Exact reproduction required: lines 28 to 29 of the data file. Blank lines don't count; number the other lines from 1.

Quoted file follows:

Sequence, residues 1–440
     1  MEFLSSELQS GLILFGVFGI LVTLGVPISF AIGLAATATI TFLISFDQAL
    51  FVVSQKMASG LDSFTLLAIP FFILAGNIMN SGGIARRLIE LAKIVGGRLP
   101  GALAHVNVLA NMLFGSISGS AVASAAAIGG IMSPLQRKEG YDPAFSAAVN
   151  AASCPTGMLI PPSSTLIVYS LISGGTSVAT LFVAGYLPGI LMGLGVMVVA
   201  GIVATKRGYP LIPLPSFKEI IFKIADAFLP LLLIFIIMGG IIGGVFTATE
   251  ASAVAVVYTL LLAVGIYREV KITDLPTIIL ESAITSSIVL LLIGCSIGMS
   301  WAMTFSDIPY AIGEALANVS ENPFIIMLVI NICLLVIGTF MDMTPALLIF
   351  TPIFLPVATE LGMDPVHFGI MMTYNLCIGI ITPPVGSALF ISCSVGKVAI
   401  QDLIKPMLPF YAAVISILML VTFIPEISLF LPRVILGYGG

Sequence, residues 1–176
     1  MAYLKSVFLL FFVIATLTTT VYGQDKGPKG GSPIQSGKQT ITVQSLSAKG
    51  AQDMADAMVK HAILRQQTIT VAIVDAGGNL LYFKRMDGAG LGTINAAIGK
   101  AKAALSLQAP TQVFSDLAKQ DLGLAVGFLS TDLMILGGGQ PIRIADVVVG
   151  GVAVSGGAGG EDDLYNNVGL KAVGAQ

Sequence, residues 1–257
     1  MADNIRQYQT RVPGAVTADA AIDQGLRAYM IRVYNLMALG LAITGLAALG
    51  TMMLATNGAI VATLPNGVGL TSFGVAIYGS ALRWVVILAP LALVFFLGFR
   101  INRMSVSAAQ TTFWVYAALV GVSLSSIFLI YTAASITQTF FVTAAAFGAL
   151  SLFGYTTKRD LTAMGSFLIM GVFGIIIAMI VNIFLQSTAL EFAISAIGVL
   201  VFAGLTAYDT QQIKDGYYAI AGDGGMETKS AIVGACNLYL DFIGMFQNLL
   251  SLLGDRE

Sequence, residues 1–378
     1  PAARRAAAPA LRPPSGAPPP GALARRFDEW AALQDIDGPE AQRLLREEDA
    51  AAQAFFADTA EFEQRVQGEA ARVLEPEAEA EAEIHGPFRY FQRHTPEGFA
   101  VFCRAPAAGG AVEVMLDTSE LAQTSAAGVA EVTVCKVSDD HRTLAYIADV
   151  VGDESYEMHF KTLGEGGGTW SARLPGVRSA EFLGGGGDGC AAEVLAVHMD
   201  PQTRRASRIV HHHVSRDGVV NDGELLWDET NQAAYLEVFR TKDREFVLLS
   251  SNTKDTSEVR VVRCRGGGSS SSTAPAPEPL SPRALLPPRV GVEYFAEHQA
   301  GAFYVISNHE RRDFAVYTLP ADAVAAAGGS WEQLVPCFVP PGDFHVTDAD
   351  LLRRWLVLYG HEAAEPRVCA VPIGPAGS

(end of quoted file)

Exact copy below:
   201  PQTRRASRIV HHHVSRDGVV NDGELLWDET NQAAYLEVFR TKDREFVLLS
   251  SNTKDTSEVR VVRCRGGGSS SSTAPAPEPL SPRALLPPRV GVEYFAEHQA